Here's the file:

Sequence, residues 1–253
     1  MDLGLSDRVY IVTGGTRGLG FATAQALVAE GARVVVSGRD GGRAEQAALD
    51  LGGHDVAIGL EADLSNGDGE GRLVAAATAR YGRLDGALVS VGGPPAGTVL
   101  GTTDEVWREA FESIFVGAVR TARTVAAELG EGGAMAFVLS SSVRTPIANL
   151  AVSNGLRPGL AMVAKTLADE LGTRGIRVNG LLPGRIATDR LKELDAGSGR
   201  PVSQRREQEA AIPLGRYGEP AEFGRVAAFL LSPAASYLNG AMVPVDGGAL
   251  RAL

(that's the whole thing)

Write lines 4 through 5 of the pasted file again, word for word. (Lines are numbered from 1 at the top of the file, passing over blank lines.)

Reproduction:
   101  GTTDEVWREA FESIFVGAVR TARTVAAELG EGGAMAFVLS SSVRTPIANL
   151  AVSNGLRPGL AMVAKTLADE LGTRGIRVNG LLPGRIATDR LKELDAGSGR